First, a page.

Accounting is a career path on the rise, and entering the job market with a degree in this field can open many doors. The U.S. Bureau of Labor Statistics (BLS) estimates a 7% growth rate in this industry; that’s faster than average.

The competition for accounting jobs is fierce even as the need to fill positions grows. Accounting is about mastering the language of business: numbers. It requires discipline and attention to detail.

People who pursue roles in this industry are forward thinkers. It just makes sense that they would prepare for a job interview as fiercely as they prep for exams. That starts with developing an understanding of the questions that might pop up in an interview. Accounting interview questions will range from the fundamentals of accounting and business to personality questions to see if you are a good fit for the culture. Consider some questions you may encounter as you interview for a job in accounting.

Be Prepared with the Basics

Accounting is based on fundamental concepts, and anyone working in this field will need to have a good grasp of them. An interviewer will want assurance of your knowledge of the basics. Even if you know the content inside and out, prepare vocal responses ahead of time. It is normal to be nervous during an important job interview, so drilling these answers into your mind will help keep your responses accurate and strong.It isn’t easy to know what questions a job interviewer might ask, but here are some common ones to expect:

Working capital, what is it, and why is it important in business? 
Working capital is a concept that applies to most business ventures. An interviewer will expect you to understand what it means and why it matters to a company. They may expand on this question to ask how you might enhance the company’s working capital, so do some research on the employer before your interview.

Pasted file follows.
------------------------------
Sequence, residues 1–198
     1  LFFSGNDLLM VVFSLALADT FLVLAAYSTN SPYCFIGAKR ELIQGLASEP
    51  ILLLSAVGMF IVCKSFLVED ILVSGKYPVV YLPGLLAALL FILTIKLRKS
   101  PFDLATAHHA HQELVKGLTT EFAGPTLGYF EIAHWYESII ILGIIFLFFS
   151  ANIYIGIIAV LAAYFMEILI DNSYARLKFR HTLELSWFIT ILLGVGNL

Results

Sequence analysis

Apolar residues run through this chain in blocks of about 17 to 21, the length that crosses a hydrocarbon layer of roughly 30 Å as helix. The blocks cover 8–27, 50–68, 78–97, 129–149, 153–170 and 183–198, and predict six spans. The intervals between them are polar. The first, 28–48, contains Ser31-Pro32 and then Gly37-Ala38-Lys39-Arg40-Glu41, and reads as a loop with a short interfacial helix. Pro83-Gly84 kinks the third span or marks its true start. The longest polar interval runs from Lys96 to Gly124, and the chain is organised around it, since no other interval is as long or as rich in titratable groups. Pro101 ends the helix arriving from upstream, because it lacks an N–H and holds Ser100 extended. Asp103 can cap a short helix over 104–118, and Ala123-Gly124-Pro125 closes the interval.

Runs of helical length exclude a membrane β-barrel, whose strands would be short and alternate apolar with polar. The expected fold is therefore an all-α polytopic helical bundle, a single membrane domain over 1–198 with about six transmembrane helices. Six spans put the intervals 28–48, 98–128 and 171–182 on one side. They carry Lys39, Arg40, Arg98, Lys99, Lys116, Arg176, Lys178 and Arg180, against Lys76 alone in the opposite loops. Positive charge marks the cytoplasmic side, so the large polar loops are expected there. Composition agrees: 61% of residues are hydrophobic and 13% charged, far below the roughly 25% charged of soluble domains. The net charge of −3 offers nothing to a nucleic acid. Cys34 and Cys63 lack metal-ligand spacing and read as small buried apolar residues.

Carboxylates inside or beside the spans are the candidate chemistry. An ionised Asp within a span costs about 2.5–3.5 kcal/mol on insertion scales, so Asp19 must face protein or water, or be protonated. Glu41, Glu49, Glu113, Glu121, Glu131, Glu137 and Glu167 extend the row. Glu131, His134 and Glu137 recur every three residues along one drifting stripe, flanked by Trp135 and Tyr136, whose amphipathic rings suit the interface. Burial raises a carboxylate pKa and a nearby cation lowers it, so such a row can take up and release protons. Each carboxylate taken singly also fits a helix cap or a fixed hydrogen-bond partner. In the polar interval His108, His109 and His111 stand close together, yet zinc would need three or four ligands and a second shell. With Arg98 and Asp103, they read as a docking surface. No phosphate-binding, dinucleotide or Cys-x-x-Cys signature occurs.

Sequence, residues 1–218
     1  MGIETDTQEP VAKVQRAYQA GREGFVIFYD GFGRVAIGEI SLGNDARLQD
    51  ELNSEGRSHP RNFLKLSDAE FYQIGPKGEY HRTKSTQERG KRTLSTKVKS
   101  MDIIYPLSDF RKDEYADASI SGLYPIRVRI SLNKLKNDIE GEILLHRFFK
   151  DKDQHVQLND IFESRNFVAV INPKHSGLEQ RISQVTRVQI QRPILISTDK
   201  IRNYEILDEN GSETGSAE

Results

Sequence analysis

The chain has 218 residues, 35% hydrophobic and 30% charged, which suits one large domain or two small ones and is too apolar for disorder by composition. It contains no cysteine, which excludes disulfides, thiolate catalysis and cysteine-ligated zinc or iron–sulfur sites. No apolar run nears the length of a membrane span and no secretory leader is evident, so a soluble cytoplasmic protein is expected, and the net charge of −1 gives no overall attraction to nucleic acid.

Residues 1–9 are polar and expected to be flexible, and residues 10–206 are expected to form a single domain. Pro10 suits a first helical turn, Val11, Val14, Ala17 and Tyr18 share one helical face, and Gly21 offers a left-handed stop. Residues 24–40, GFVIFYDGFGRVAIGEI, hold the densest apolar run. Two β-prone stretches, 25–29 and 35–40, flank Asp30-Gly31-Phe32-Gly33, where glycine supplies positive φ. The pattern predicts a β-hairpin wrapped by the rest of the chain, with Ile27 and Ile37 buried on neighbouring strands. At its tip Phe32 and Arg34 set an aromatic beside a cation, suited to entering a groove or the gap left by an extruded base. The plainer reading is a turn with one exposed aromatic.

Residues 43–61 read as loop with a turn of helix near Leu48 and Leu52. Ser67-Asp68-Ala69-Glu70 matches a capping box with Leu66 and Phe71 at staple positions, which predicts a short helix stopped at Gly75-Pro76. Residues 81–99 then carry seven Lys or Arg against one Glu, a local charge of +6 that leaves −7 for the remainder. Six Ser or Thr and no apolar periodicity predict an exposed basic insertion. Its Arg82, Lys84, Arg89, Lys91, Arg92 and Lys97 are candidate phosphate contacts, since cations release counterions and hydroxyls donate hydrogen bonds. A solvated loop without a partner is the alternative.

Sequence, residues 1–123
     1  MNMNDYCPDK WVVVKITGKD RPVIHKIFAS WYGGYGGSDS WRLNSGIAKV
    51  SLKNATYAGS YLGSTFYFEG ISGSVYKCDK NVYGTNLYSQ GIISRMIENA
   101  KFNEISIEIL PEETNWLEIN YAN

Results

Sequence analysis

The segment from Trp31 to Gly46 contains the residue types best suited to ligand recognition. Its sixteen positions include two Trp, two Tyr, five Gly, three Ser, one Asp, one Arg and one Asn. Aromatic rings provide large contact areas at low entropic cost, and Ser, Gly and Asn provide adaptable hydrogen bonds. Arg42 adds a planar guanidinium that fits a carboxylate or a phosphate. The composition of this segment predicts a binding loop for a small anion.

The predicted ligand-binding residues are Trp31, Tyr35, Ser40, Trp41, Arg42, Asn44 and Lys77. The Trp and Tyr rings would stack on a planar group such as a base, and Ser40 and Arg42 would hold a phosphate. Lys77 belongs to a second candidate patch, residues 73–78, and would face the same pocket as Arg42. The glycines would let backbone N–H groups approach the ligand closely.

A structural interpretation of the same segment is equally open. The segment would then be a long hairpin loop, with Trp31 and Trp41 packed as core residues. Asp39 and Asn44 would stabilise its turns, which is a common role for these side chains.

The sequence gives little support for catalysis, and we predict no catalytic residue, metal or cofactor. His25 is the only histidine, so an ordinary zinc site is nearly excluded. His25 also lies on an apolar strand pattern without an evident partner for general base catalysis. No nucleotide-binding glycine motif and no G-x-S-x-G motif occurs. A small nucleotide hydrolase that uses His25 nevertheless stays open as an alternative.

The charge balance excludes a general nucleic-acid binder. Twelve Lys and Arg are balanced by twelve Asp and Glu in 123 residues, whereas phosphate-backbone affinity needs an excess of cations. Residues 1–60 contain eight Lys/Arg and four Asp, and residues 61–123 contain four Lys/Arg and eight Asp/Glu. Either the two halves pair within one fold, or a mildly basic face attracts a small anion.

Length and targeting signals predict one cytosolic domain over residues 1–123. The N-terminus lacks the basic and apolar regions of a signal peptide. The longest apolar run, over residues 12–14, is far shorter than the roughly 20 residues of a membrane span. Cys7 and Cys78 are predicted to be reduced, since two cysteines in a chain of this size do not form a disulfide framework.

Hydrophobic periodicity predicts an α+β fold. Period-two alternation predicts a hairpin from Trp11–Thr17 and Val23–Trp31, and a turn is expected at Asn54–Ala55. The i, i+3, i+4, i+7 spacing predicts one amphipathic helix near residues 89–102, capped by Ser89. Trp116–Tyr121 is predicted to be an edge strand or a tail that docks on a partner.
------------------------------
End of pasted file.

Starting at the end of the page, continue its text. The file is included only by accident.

What does TDS stand for, and why does it matter?
Tax Deducted at Source or TDS is another critical accounting concept. It is also on most balance sheets in the assets section.

What is the difference between managing accounts payable and accounts receivable? 
Understanding the difference between these two critical accounting functions isn’t enough, especially if you are hoping to move up in the company. By explaining how managing them differs, you show your knowledge of the subject and your management skills in one answer.

What is the one statement that shows the overall health of the company, and why is it critical? 
This is a trick question because there are several answers. The interviewer wants your interpretation and to know why you choose this one statement.

What are some common mistakes seen in accounting?  
This question is also somewhat subjective. The interviewer wants to know what you think.

Name the Golden Rules of Accounting 
Focus your answer on the three primary accounts: personal, real, and nominal. Don’t go off-topic.

Technical Accounting Interview Questions